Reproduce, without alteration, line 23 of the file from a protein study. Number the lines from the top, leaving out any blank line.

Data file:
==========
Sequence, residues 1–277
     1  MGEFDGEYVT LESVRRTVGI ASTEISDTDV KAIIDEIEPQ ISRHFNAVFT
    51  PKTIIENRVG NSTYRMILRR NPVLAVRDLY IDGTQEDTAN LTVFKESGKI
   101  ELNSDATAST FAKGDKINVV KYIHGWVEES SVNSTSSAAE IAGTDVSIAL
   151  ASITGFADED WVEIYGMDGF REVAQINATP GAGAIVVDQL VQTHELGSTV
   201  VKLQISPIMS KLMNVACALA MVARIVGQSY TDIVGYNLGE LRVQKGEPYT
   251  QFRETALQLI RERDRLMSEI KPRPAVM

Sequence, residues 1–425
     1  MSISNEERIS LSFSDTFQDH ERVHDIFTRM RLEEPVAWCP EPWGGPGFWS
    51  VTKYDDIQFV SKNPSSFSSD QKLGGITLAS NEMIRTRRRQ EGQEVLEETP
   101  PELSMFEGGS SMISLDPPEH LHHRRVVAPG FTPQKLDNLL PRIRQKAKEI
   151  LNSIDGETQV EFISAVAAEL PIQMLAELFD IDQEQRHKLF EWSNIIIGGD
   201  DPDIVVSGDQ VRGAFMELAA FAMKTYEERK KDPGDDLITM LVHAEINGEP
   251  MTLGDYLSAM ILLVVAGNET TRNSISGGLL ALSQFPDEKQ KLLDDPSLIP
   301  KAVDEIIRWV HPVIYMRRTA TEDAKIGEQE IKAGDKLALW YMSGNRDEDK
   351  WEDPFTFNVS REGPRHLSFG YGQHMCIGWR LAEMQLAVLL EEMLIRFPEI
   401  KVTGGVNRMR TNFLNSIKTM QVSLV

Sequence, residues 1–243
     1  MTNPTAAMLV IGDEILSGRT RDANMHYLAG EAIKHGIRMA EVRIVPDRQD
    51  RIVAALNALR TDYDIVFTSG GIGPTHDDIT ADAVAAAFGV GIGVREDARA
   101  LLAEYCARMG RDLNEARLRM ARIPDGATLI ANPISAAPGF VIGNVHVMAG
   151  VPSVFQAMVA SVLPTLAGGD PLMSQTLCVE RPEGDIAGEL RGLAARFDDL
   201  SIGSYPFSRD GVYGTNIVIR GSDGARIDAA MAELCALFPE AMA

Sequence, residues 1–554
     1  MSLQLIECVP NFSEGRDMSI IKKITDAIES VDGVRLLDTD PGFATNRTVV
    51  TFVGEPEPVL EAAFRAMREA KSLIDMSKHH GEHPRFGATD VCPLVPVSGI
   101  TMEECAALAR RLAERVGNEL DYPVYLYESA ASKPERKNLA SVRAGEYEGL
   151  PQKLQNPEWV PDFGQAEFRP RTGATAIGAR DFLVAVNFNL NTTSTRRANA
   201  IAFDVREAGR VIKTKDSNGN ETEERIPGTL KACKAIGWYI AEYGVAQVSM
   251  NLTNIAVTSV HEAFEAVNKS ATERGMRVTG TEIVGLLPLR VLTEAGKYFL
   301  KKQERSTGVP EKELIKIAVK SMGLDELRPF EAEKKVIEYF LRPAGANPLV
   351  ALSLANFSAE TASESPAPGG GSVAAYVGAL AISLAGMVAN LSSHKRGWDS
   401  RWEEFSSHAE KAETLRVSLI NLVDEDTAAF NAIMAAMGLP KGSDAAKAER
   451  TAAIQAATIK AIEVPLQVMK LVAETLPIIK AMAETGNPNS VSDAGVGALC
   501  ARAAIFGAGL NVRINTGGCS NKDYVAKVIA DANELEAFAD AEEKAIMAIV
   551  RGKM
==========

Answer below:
   201  SIGSYPFSRD GVYGTNIVIR GSDGARIDAA MAELCALFPE AMA